14. The apparatus of claim 1, further comprising a sensing device in communication with at least one of the manipulandum, the biasing element, and the rotor.
15. A method comprising:
energizing an actuator to provide a resistance to movement of a rotor in communication therewith, wherein the rotor is coupled to a first end of a biasing element;
storing at least a portion of energy input to the biasing element by a rotational movement of a manipulandum coupled to a second end of the biasing element; and
providing at least a portion of the energy to the manipulandum by decreasing the resistance to movement of the rotor.
16. The method of claim 15, wherein the actuator comprises a resistive actuator.
17. The method of claim 15, wherein providing at least a portion of the energy to the manipulandum comprises providing a torque to the manipulandum.
18. The method of claim 15, wherein the rotor comprises an inertial element configured to provide a torque to the manipulandum, and wherein providing at least a portion of the energy to the manipulandum comprises providing at least a portion of the energy to the inertial element.
19. The method of claim 15, wherein the biasing element comprises a spring.
20. The method of claim 19, wherein the spring comprises at least one of a torsional spring and a helical spring.
21. The method of claim 15, wherein the biasing element comprises a compliant shaft.
22. The method of claim 15, wherein the rotor comprises a brake surface disposed adjacent to the actuator.
23. The method of claim 15, wherein the actuator comprises an electromagnet, and the rotor is configured to be acted upon by the electromagnet.
24. A computer readable medium comprising program code, the program code comprising:
program code for energizing an actuator to provide a resistance to movement of a rotor in communication therewith, wherein the rotor is coupled to a first end of a biasing element;
program code for storing at least a portion of energy input to the biasing element by a rotational movement of a manipulandum coupled to a second end of the biasing element; and
program code for providing at least a portion of the energy to the manipulandum by decreasing the resistance to movement of the rotor.
25. The computer-readable medium of claim 24, wherein the actuator comprises a resistive actuator.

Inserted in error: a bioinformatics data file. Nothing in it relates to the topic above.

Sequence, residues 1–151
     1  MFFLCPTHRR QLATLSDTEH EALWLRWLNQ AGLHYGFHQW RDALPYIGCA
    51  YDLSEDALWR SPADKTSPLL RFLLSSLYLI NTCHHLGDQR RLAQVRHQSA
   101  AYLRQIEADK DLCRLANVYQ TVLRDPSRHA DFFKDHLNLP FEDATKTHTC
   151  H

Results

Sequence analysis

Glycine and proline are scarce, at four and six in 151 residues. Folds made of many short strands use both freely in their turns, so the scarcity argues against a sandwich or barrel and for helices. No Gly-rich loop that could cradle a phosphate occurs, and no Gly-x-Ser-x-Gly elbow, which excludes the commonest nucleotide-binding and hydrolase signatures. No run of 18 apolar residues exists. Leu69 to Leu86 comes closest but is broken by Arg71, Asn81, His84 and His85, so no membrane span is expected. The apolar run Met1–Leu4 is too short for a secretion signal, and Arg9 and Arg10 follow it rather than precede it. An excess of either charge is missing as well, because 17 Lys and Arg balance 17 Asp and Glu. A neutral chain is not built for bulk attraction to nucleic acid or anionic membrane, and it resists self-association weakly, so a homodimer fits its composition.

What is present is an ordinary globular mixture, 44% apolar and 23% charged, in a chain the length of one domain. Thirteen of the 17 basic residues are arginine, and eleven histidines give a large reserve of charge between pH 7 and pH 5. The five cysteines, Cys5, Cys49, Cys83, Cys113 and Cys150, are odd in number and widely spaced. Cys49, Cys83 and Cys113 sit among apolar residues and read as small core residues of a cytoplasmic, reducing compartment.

Description
RELATED APPLICATIONS

This application is a continuation of U.S. patent application Ser. No. 10/949,618, filed Sep. 24, 2004, now U.S. Pat. No. 7,764,268 entitled “Systems and Methods for Providing a Haptic Advice,” and relates to, and incorporates by reference herein, co-pending applications Ser. No. 10/314,400, filed Dec. 8, 2002, entitled “System and Method for Providing Passive Haptic Feedback;” and Ser. No. 10/926,644, filed Aug. 26, 2004, entitled “Products and Processes for Providing Haptic Feedback in a User Interface.”

FIELD OF THE INVENTION

The present invention generally relates to user interface devices. The present invention more particularly relates to providing haptic feedback.

BACKGROUND

Electronic device manufacturers strive to produce a rich interface for users. Conventional devices utilize visual and auditory cues to provide feedback to a user. In some interface devices, kinesthetic feedback (such as active and resistive force feedback), and/or tactile feedback (such as vibration, texture, and heat), may also provided to the user, generally known collectively as “haptic feedback.” Haptic feedback can provide cues that enhance and simplify the user interface.

Some resistive haptic devices may be capable of increasing or decreasing the amount of force a user must input to move a manipulandum, but may not be capable of moving or assisting the user to move the manipulandum to provide a haptic effect. Some haptic devices may also not be able to provide a user with a wide variety of types and levels of haptic effects, and may be costly and complex to produce.